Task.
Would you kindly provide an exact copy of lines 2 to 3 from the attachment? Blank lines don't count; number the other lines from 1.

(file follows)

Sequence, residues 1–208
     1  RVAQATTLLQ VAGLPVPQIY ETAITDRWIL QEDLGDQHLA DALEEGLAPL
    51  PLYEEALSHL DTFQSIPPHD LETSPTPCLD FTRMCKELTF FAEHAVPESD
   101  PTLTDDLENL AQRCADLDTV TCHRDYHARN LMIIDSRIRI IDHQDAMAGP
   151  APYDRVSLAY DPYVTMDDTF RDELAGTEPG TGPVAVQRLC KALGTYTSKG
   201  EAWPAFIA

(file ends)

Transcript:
     1  RVAQATTLLQ VAGLPVPQIY ETAITDRWIL QEDLGDQHLA DALEEGLAPL
    51  PLYEEALSHL DTFQSIPPHD LETSPTPCLD FTRMCKELTF FAEHAVPESD